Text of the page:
UPDATE: 2:20 P.M.
Kenneth Gleason has been arrested and charged with two counts of first-degree murder in relation to the deaths of Bruce Cofield and Ronald Smart. He was also charged with two counts of attempted first-degree murder in an unrelated shooting. According to the Advocate, the other shooting took place at the home of a Black family.Baton Rouge Interim Police Chief Jonny Dunnam described the murders as “brutal” at a Tuesday news conference, adding that Gleason likely would have killed again had he not been apprehended.
Original story continues below:
Two Black men in Baton Rouge, La., may have been shot because of the color of their skin, according to police.
“The victims were ambushed,” Baton Rouge police spokesman Sgt. L’Jean McKneely told the Associated Press. “There is a strong possibility that it could be racially motivated.”
The first shooting took place on Sept. 12 at around 10:30 p.m. The victim, 59-year-old Bruce Cofield, was shot multiple times. Cofield, who was homeless, died at the scene.
Two days later and just a few miles away, Ronald Smart was gunned down while walking to work around 11:00 p.m. Like Cofield, Smart was found with multiple gunshot wounds. The 49-year-old died at the scene as well.
More than half of Baton Rouge’s population is Black, according to the U.S. Census Bureau.
Kenneth Gleason has been identified as a person of interest in the killings. He was arrested over the weekend on unrelated drug charges and was being held on $3,500 bond. Police do not have enough evidence to charge him with the murders, though, and Gleason was released from jail late Sunday. Sgt. Don Coppola, another spokesperson for the Baton Rouge Police Department, told the AP Gleason “has not been cleared” and is still “a person of interest.”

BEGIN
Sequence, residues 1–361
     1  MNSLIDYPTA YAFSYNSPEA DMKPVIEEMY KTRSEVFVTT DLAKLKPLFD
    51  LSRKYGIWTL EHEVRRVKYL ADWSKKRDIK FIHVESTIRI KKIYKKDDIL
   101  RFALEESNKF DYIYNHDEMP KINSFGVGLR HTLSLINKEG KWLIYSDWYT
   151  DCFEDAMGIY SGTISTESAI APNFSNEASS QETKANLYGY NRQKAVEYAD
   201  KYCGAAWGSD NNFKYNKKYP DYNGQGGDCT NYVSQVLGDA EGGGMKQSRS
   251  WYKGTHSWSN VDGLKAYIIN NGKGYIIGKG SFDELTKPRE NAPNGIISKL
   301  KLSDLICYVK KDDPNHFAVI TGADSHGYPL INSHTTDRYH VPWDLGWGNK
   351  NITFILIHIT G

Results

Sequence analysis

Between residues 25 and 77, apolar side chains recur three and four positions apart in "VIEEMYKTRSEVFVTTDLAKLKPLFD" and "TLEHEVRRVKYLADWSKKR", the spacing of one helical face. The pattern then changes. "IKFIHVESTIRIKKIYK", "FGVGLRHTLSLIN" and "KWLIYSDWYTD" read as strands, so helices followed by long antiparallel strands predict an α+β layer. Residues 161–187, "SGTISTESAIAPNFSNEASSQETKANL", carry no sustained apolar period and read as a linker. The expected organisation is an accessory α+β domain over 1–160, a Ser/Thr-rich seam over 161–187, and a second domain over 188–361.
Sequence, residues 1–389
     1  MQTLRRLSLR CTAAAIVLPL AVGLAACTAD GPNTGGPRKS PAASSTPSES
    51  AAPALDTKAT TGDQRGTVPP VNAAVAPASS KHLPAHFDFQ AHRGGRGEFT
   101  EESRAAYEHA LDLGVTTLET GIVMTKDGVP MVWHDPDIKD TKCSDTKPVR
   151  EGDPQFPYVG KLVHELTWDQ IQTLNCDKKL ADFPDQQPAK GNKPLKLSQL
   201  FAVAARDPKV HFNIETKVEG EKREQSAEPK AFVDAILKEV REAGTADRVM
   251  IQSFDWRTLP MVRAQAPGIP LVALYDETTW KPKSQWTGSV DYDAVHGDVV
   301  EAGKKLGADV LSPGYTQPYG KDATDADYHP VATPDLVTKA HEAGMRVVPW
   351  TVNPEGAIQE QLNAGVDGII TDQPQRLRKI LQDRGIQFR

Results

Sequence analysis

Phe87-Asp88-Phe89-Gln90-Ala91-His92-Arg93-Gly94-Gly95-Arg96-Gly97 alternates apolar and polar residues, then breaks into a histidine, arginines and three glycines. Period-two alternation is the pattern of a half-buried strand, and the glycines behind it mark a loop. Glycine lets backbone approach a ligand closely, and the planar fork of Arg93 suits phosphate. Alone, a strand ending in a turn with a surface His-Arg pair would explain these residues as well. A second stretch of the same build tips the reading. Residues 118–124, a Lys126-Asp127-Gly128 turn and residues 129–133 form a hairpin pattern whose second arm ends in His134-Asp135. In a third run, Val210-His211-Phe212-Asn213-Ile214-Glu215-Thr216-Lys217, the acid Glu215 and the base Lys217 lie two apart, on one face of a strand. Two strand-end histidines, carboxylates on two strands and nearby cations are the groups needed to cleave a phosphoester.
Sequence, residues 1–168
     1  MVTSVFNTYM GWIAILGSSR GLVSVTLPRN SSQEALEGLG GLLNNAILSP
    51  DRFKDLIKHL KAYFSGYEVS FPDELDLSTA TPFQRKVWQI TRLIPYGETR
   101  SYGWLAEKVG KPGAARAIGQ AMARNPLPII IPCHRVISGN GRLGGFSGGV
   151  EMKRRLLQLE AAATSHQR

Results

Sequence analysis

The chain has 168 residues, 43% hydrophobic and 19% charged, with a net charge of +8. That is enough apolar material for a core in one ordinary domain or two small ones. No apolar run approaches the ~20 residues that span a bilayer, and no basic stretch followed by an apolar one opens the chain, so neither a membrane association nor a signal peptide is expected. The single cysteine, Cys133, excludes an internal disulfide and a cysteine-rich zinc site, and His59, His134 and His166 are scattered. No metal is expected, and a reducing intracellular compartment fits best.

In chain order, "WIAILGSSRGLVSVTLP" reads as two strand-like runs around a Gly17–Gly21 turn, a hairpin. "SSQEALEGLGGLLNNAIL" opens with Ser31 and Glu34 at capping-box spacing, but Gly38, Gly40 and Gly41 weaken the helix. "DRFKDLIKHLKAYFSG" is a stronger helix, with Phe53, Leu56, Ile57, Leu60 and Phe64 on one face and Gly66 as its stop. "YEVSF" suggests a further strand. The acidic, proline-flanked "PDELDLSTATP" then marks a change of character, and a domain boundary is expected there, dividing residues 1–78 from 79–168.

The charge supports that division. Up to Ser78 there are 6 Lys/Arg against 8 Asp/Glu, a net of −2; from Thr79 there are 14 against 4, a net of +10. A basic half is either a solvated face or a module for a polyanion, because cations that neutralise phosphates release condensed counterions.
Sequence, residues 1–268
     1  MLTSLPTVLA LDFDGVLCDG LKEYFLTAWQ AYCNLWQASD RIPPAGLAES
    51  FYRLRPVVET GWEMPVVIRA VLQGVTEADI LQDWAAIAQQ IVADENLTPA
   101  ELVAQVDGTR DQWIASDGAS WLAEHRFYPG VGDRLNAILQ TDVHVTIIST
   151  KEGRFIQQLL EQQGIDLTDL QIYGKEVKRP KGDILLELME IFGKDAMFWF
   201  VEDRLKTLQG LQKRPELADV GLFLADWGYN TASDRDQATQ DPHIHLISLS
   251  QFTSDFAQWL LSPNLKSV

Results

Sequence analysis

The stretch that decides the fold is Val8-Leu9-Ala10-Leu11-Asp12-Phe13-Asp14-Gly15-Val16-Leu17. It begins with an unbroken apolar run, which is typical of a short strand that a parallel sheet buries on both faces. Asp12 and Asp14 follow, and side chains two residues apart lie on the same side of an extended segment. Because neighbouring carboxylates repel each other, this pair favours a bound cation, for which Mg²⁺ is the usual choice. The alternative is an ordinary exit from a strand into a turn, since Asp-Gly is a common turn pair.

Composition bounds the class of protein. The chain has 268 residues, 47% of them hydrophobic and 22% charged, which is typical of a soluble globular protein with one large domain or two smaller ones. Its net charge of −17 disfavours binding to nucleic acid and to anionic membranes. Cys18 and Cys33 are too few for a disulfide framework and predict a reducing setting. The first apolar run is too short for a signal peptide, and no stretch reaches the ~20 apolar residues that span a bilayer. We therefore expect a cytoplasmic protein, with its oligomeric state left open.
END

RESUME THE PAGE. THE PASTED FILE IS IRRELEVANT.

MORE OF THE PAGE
“This investigation is ongoing, Gleason is still a person of interest, and through the investigation, if it is learned that there is any other individual or individuals who could be other persons of interest, investigators will look into them as well,” Coppola said to ABC News.
Ballistic tests showed that the same gun was used in both killings, according to the Advocate.
“McKneely said shell casings from each killing matched and a car belonging to Gleason fit the description of the vehicle police were looking for,” the publication reported. “He said police have collected other circumstantial evidence but he wouldn’t say what it was because the investigation is ongoing.”
Fred Simonson, Smart’s manager at the caf where he worked as a dishwasher, told the Washington Post that the diner closed for a little while the night after the shooting. Smart had worked there “for at least 20 years,” the Post reported.
“It’s an entry-level job. He was not an entry-level guy. He’s not replaceable,” he told the Post. “He was a tremendously hard-working, one-of-a-kind guy.”
Smart’s niece, Ariel Smart, told WAFB that her uncle left behind a wife and three children.
“He was a good man; he had kids to live for, too,” she told the outlet. “He didn’t deserve to die like he did because he had a family that loved him. And he had a job, you know. He wasn’t out here robbing people, scheming on people. He was just trying to go to work. He wasn’t bothering nobody. And then to leave him in the middle of the street like a dog, that’s just too much.”